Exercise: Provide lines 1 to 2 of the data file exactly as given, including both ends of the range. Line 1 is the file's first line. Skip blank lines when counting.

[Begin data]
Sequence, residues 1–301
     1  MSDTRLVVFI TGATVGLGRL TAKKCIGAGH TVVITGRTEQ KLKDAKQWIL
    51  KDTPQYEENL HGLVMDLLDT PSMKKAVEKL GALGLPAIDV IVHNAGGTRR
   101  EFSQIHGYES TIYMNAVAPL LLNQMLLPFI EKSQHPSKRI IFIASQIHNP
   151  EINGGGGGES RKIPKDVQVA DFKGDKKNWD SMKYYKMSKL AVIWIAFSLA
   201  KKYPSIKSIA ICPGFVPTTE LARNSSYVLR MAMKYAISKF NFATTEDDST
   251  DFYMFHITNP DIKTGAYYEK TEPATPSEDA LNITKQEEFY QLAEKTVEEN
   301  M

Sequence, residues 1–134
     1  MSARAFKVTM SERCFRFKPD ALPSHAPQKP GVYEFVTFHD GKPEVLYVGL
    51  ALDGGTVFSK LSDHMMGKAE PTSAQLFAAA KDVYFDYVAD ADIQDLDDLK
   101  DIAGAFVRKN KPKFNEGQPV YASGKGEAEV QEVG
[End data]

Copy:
Sequence, residues 1–301
     1  MSDTRLVVFI TGATVGLGRL TAKKCIGAGH TVVITGRTEQ KLKDAKQWIL